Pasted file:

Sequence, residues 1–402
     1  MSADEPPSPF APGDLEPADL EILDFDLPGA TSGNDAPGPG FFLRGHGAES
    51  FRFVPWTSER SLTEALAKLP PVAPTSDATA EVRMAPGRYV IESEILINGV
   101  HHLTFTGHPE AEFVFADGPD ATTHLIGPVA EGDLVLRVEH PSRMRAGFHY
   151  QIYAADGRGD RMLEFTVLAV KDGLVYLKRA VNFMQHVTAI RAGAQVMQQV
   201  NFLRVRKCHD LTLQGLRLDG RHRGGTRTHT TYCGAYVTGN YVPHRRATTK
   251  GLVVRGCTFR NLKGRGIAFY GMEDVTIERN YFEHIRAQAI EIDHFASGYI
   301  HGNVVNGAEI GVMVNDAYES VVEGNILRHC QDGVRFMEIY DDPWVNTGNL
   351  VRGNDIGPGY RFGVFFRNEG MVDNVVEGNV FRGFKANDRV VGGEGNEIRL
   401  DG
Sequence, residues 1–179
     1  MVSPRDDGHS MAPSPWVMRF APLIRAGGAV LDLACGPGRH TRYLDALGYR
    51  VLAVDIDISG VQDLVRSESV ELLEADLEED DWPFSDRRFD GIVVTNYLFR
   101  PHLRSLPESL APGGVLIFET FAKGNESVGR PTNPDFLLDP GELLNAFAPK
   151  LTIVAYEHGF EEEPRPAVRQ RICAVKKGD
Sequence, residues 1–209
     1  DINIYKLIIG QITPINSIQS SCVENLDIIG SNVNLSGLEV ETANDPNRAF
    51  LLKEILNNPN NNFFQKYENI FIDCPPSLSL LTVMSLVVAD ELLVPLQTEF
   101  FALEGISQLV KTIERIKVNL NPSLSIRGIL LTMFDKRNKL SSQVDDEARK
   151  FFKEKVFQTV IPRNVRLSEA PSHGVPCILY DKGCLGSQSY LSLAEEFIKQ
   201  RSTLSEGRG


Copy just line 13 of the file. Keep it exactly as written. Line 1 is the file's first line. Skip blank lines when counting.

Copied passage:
    51  VLAVDIDISG VQDLVRSESV ELLEADLEED DWPFSDRRFD GIVVTNYLFR